And now visual

Next up is TV. And it is with some pride that I see the BBC is leading the way, not in a protective, scared, panicky way, as has often been the case with new media and old companies. No, the BBC is pushing the technology – and it even admits that the cost of producing TV programmes is going to fall dramatically with new Net technologies.

The BBC's head of New Media and Techology, Ashley Highfield, appeared on stage yesterday with Bill Gates at the Mix06 conference in Las Vegas for 13 minutes. [You can see it all here. Highfield is on stage between 39 minutes to 52 minutes.]

It will have seemed much longer for Mr Highfield who was clearly a little nervous. American conference set-pieces inhabit a world of their own. Hyperbole, chuminess, whooping, the whole American thing. For a Brit, this world is so utterly bizarre that you constantly wonder whether these people are actually doing it for real or if they're all a little deranged.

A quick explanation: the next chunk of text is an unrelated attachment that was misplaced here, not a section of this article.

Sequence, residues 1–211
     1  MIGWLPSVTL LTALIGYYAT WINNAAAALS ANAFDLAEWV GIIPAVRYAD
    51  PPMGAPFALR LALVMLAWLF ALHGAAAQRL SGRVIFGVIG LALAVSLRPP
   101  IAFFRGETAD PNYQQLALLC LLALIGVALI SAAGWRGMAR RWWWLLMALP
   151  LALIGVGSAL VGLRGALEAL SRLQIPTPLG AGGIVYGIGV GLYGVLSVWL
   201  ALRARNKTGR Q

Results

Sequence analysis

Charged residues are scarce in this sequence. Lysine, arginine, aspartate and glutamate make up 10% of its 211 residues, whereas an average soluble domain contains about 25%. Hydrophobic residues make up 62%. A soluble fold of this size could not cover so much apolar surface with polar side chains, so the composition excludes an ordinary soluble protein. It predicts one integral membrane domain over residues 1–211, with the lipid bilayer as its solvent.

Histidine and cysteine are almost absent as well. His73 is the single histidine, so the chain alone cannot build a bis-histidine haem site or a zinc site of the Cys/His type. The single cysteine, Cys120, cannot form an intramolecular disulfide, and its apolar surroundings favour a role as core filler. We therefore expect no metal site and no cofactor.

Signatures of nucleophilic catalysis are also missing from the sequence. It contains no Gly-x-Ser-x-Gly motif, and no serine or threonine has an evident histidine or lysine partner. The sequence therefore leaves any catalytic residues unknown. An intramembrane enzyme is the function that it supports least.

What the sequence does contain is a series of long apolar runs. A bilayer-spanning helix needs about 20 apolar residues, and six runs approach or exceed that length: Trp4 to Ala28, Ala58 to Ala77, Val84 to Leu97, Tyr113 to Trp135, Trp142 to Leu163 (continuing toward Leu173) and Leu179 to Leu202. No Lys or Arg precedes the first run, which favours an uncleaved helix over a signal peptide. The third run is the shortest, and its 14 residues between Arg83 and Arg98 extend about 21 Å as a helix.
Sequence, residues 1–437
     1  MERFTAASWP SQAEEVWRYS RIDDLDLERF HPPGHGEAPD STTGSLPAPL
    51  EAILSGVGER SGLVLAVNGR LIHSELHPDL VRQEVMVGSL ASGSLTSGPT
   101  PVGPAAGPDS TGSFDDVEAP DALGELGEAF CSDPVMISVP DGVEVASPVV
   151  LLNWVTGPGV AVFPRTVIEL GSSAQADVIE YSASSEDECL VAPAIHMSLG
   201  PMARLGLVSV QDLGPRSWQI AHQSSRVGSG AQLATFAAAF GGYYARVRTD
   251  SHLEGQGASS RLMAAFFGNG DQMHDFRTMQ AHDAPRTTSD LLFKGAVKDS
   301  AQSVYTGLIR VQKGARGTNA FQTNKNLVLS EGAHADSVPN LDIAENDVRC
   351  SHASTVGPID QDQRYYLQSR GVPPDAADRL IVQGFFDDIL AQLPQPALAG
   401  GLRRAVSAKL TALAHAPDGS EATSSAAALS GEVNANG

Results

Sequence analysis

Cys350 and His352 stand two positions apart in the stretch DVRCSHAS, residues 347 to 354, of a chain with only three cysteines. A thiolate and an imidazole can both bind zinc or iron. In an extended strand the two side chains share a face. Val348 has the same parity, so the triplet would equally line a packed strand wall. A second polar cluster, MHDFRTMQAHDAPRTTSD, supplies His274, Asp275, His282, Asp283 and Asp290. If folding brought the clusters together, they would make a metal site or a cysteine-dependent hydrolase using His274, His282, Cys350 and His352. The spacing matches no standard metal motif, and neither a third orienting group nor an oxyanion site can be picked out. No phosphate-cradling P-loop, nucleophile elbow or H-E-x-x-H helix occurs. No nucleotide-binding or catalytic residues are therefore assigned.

The fact is that Americans absolutely adore being told that whatever you are talking about is the BEST! Yeah! The GREATEST! Yeah! Woo! Us Brits hate it. It's a cultural gap. And Mr Highfield did a pretty good job considering.

Anyway, Highfield spoke about how people's behaviour was changing. Over half the UK population checks out the BBC website at least once a month, he said (I know I look at it at least once a day). But recently, he said, there has been an “exponential increase” in the rich media accessed on the BBC site – and it was far more than just the uptake of broadband, he said. People now want TV on their terms, Ashfield said.

Start your own TV channel

Then some very interesting facts: it costs the BBC £7 million a year to distribute a TV channel over the existing infrastructure. It costs a tenth of that to do so over satellite. But at £700,000 a channel, we're still talking very, very far from accessible. BUT, Ashfield said, it takes a tenth of that again to distribute over a TV channel over the Net.